Thursday, December 22, 2011

Christmas stuff, part 2

I started writing this as a comment to the last post, in response to other comments (and if anyone knows if it is possible to set my comment section to allow for replies to a particular comment, please let me know!), but it started getting longer and longer.  I realized I was having some new thoughts, sparked by the commentors (thank you!) and I might as well just write it as a new post...

First of all, I did make an edit to the last post to make clear that my relationship with my sister's three daughters is very personal and almost like having 3 more kids myself.  I love those girls with all my heart (they are 16, 11, and 7).  I likewise adore my brother's kids and talk to them every chance I get (we just had a lovely day over Thanksgiving weekend) but I leave those visits with no sense of who they are at all.  I ask them lots of questions, about school and their lives and their friends, etc., but find that every decision or opinion is screened by their mother - often right while I'm talking to them.  And it is hard to say that because in most ways I really like my sister in law and would gladly socialize with her anytime...

I also think this feeling hits a nerve for me because that is how I felt when I finally left home - like I had no sense at all of who I was and my only thoughts and opinions were those of my father (mostly), which I had been taught to parrot.  Mark is right about squeezing people into oddly-shaped packages...eventually you have to find your own ever-changing shape and doing so can be really hard and painful.  I would not wish that on anyone, much less my nieces and nephews. 

4 comments:

  1. This leaped out at me: "You have to find your own ever-changing shape," and I love the inclusion of "ever-changing." When you were under his protective umbrella, your "only thoughts and opinions were those of [your] father," and nothing can change that fact. Now your own formed personality sees life through different eyes, and it reflects someone who extricated herself from that "oddly-shaped package" and presented her adult self to the world, with no apologies.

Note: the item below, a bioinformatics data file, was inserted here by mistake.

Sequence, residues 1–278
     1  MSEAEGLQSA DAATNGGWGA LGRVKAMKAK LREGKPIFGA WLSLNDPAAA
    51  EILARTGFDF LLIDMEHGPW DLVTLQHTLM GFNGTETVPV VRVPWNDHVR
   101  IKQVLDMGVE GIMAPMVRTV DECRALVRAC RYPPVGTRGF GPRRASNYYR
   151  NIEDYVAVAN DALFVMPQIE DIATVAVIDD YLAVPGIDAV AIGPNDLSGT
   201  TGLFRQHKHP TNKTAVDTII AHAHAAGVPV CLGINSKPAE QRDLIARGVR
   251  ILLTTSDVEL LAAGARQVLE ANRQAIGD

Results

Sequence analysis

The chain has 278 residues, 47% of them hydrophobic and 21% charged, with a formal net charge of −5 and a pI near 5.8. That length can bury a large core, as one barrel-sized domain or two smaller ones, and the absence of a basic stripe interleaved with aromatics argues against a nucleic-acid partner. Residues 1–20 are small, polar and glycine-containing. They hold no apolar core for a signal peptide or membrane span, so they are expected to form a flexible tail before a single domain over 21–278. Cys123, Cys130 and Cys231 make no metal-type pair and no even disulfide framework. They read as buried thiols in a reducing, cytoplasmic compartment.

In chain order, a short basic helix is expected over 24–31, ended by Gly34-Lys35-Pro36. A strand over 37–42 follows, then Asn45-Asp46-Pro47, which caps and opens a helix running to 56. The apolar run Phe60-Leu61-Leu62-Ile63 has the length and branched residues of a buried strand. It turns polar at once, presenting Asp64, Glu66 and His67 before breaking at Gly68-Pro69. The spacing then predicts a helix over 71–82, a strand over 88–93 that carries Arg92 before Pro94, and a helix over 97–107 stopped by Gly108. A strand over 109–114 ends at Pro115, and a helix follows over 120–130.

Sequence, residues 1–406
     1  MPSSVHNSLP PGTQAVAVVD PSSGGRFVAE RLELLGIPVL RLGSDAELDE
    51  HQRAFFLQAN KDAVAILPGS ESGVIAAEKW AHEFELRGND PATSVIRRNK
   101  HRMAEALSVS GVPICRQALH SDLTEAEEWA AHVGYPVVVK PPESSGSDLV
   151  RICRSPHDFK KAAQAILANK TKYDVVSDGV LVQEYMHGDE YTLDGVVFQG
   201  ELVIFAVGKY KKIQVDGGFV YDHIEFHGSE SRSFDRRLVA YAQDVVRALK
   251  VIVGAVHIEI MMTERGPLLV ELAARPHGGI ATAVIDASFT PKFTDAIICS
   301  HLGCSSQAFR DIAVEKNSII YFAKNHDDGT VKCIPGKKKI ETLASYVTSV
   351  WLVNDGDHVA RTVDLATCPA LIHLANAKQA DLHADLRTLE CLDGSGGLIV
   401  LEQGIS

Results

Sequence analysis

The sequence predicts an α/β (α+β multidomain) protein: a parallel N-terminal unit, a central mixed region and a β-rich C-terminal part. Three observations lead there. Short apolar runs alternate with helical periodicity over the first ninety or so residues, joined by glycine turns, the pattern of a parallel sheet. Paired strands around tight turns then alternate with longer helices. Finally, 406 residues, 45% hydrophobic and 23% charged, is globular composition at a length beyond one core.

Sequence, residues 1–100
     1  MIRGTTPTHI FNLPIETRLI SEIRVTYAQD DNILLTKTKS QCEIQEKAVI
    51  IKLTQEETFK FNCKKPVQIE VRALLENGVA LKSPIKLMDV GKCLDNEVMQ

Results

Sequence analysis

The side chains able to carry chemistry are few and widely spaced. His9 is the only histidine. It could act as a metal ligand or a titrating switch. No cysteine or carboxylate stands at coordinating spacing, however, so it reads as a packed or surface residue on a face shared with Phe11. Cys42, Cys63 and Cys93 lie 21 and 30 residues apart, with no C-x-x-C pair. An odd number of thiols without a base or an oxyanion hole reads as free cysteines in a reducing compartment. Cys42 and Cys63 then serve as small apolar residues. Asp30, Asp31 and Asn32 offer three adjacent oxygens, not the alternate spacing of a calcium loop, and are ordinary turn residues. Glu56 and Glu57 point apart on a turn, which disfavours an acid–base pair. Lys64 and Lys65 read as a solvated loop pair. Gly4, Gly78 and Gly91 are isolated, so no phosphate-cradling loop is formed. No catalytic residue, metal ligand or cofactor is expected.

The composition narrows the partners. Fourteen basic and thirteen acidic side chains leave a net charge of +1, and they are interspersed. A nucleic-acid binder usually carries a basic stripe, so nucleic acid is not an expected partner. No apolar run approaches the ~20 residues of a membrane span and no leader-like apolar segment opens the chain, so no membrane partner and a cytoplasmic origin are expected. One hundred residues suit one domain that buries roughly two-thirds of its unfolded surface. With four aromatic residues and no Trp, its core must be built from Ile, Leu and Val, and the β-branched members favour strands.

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  2. You've hit the nail on the head, Mark. And no apologies!

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  3. Hooray for finding our own shapes. For the senior yearbook when I was high school we had to list our goals in life and one of the things I wrote (along with "write the Great American Novel" and "be a burden on society") was "to never stop growing and changing." It was a little pretentious for a seventeen-year-old I guess, but at 43, it seems truer than ever.

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  4. MM, interesting that all I would have said in high school was that I wanted to be married and have children...from my advanced perspective (46), that seems so naive and narrow. I only figured out the "to never stop growing and changing part" some years later, but better late than never.

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